Passing the Torch: Comparing the Types of Business Successors
Who is best suited to continue the legacy of your business?
As a business owner, you understand the importance of planning ahead. Every business requires accurate forecasting, budgets, hiring schedules, and marketing campaigns to be successful but what most business owners do not have is an exit strategy. Nearly 90% of business owners are unsure of what to do with their business at the end of its life span. We’ve heard everything from just shutting the company down to handing it over to children who may not be interested in carrying on the legacy. After all of the years you spent building and growing your business, you deserve to cash in on your hard work and sweat equity and this can be done through proper exit strategy planning.
The first step to planning a rewarding exit strategy is to know your options, and believe it or not, you have more options than you think. Business owners are often uncertain with how to transition the business to a new owner, which can result in under-pricing the business or a messy sale. Identifying the right type of successor for your business starts long before you are ready to sell and we recommend meeting with a professional business broker around 18 months prior to when you would like to transition out of the business. In our experience, there are four main types of succession options for middle market business owners: family members, employees, co-owners, and third-party buyers. To help you come to the conclusion of what is best for you and your business, we have laid out the pros and cons of each type of successor, along with notes to consider before deciding the right path for your business.
Pros: Stays in the family, supports family members, industry familiarity, owner still available.Cons: Issues in splitting the business, intensify family dynamics, lack of interest, potential inadequacy.
Passing your business down to a family member can be a very good option for some business owners, but it does not come without its cons. 30% of all small businesses are successfully passed on to the next generation. If you inherited a business founded by your parents, it is natural to want to watch your children continue the legacy. Unfortunately, not every child wants to follow in the footsteps of their parents and some may not be prepared for the responsibility of running a business. Our advice on identifying a relative as your successor is this: make sure they want to manage the business. If the family member has no interest and you simply want to stay half-way involved and watch them grow the company, it will not be successful. If you family member does want to inherit the business, there are still many challenges to overcome such as obtaining capital or splitting the business among several siblings.
Pros: Vested interest in success, industry knowledge, smooth transition, employee stability.Cons: Difficulty in securing funding, lack of access to capital, employee dynamics.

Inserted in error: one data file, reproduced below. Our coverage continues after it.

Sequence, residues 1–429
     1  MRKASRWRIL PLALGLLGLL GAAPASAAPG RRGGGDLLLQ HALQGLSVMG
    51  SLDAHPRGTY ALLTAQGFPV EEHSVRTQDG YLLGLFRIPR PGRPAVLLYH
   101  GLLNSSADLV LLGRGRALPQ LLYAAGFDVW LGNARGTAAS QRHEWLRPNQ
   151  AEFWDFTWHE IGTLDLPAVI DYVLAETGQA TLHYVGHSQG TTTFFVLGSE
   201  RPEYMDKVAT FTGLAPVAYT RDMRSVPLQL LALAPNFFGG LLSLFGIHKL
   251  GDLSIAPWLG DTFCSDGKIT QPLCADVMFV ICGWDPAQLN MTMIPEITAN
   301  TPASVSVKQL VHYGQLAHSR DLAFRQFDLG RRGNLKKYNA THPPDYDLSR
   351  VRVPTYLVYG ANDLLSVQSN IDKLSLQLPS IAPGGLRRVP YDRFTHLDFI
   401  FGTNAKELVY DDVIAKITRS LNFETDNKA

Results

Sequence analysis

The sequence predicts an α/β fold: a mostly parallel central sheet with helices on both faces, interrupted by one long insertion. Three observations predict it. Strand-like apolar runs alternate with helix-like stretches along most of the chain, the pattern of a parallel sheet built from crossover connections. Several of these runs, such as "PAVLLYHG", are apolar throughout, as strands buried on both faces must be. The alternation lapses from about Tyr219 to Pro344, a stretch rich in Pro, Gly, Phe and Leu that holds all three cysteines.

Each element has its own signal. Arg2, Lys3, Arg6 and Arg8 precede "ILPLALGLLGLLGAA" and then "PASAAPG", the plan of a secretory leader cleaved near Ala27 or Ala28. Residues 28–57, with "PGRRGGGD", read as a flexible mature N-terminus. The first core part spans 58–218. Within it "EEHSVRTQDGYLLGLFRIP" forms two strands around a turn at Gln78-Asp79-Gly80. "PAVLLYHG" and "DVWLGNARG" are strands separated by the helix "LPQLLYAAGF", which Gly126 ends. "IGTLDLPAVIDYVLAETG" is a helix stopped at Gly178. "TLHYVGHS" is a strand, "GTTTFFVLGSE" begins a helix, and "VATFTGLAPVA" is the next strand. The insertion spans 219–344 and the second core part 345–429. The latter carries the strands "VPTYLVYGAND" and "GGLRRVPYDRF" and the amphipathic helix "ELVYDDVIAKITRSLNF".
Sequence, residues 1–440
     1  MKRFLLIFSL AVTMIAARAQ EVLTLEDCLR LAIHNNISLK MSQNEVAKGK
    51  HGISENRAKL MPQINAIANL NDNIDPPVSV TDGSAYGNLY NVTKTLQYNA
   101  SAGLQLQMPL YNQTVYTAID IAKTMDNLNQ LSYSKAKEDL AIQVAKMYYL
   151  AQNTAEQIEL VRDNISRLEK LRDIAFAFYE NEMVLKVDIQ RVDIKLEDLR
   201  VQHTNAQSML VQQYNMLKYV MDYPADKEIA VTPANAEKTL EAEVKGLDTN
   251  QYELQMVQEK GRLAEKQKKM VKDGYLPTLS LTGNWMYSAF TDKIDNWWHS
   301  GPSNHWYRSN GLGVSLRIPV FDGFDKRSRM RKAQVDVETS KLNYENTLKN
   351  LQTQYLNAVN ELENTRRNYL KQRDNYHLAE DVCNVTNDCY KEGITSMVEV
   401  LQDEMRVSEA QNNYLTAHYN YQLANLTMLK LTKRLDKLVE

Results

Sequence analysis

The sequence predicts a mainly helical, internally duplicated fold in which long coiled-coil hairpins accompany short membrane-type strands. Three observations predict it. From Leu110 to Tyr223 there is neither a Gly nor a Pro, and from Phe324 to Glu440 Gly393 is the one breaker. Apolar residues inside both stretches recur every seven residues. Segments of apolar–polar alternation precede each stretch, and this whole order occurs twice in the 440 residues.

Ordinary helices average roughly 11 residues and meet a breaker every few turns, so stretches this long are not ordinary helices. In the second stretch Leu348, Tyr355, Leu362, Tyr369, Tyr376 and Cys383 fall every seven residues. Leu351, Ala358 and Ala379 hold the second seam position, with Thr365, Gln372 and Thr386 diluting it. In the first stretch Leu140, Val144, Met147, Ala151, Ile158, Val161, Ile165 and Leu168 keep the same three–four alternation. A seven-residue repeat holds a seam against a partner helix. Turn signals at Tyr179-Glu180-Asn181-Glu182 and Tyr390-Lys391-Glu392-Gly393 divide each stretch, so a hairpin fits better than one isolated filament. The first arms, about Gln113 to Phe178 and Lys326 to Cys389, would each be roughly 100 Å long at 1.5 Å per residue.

Co-owners are another viable succession option for owners who may not want to pass the business on to their heirs. Upper level managers have the experience, knowledge and skill to run the business while understanding the unique culture within. They also know the employees and their roles, creating more security in the minds of your staff. The biggest roadblock to selling to a manager is securing funding; oftentimes, managers have issues with access to capital which may result in seller financing or a seller note.
Pros: Key employees understand the business, faster sale.Cons: Employees may lack necessary experience, negative employee dynamics, seller financing.
Like managers, business owners sometimes opt to sell the business to one or two key employees that have an interest in taking over. While identifying a key employee can lead to a faster transaction and a closer closing date, we suggest thinking long and hard about this succession strategy. While key employees may harbor the ambition and drive to manage the business, they may not have the experience or the knowledge. Electing an employee as the new owner could potentially create rifts in the business among other employees and hurt the culture. Finally, employees might also have a difficult time securing funding, leaving you in a position where you may need to finance the sale.
Pros: Willing to pay more, large buyer pool, experience in M&A, management skills.Cons: Uncertainty for employees, non-compete agreements, loss of identity for owner.
In our experience, third-party buyers provide the best outcome for business owners looking to sell their business. While other succession options may work best for certain people, third-party buyers remove the emotional aspects of selling and give the seller a clean break from the business. Third party buyers often offer benefits to sellers such as experience, skills, ability to pay a higher sales price and there are simply more of them, creating unlimited options for the seller. The downside to third-party buyers is that sometimes owners feel a loss of identity, especially when selling to a Private Equity Group. We truly believe third-party buyers are the best option for a majority of business owners, with an M&A intermediary on your side, the deal will work out to be more favorable for you than in other scenarios.
Identifying the right types of successor to your business can be challenging, but it is the first step to creating a successful exit strategy. Whether you are passing the business onto an heir or marketing the business to a third-party buyer network, having a plan is critical. It’s never too soon to begin planning for your future and the future of your business and with the help of an experienced business broker, the sky is the limit. We have helped thousands of business owners strategize their exit and we can help you too – call Viking today to learn about your options for exiting your business.